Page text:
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5 min read

Employee branding via Social Media; part 1

This document was originally made for a workshop in Employer Branding for Tele2 Shared Service Center. They needed to make the students of Riga university aware of the job opportunities available at the Tele2 Shared Service Center.

 

Employee branding with Social Media

Fishing where the fish are – recruiting and building brand awareness via Social Media

Many companies are questioning the appropriateness of giving their employees access to social media at work. But the debate a gray area. The fact is, much of the social networking that occupies employees’ online time can bring competitive advantages to the company. Many companies ask their employees to be brand evangelists, promoting the company and its products and services to friends and family. Those friends and family are now as easily engaged, if not more so, online than face-to-face.

Your employees online represent the new front line of public relations, marketing and customer service.

Employees can:

  • surface complaints or issues raised by members of the online communities in which they participate.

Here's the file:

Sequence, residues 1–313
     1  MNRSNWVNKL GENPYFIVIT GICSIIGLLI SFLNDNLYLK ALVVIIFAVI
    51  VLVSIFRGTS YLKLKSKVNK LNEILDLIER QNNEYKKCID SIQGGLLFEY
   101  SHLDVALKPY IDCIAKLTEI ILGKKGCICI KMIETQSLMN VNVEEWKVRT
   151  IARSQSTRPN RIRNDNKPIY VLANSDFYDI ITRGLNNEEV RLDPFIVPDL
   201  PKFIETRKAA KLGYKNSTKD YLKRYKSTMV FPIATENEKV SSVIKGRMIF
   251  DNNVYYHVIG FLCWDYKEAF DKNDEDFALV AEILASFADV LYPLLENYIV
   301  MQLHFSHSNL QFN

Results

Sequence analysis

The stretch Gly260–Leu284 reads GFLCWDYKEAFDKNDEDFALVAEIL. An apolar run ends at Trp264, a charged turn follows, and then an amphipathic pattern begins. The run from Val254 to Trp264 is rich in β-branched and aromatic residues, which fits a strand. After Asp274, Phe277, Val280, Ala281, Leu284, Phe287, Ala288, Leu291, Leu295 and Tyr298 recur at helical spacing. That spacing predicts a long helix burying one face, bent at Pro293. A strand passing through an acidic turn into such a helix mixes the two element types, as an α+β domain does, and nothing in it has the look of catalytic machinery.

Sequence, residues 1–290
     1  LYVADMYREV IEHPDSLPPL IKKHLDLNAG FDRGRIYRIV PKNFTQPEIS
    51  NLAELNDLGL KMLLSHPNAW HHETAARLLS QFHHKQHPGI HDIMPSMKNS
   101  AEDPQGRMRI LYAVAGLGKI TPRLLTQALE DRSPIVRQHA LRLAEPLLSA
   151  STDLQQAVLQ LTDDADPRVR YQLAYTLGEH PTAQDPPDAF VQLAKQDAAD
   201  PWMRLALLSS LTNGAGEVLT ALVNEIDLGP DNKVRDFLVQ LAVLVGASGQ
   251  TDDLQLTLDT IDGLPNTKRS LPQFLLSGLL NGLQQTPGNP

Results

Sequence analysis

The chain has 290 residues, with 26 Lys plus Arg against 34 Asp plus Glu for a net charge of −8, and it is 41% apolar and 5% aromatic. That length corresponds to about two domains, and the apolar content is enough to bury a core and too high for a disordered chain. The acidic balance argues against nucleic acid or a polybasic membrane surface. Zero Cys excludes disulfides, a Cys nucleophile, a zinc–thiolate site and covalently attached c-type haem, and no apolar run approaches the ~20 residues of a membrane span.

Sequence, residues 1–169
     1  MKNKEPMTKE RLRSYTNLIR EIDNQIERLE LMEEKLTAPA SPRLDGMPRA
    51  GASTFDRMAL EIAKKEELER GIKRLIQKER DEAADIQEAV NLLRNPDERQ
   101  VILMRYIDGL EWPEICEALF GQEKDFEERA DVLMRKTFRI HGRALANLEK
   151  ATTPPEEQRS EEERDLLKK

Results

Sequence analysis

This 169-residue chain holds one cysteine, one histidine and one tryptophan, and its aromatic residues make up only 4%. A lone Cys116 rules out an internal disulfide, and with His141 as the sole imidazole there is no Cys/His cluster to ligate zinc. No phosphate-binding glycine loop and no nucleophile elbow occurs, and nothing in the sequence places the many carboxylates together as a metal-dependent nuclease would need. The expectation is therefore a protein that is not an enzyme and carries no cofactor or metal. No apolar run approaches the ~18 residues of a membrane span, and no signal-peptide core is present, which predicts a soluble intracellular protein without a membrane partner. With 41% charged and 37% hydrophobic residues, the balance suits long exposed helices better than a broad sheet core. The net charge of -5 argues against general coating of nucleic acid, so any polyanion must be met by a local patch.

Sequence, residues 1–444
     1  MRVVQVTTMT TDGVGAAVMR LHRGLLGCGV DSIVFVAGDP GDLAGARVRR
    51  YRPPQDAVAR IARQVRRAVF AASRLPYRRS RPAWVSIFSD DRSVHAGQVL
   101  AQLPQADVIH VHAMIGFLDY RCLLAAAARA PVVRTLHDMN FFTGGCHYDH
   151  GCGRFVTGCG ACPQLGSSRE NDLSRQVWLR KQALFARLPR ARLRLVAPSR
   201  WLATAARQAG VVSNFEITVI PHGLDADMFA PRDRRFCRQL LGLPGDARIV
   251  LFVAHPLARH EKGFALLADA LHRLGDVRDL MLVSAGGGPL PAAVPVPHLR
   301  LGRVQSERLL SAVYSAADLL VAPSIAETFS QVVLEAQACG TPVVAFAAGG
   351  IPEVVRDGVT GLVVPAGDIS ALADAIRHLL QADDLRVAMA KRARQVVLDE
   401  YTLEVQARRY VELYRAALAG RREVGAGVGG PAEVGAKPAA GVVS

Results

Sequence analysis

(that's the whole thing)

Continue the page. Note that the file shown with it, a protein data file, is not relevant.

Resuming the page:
• hear ideas and gather intelligence that will enable the company to solve problems, improve customer satisfaction and adapt nimbly to changing customer needs and desires.
  • understand and come up with innovative ideas to market tele2.

Ex of companies which that encourage employees to be ambassadors online:

  • Zappos(largest e-commerce on shoes) encourages his employees to spend time on Twitter to the extent that he offers classes in the micro-blogging platform.
  • Serena(software developer), requires his employees to spend at least an hour a week on Facebook.
  • Siemens have established a Facebook group for employees worldwide so employees can network with one another and retrieve important company messages wherever and whenever the mood (or the need) strikes.

 

What is the top driver for worker engagement, satisfaction, and employee retention?

Numerous studies show that an employee’s relationship with their immediate manager is key. A Monster poll revealed that even in today’s tight job market, fully 60% of responders would leave their companies because of a bad boss, while 21% cite good brand awareness as the single most important element of their loyalty to their current employer (only 6% less than those driven primarily by employee compensation).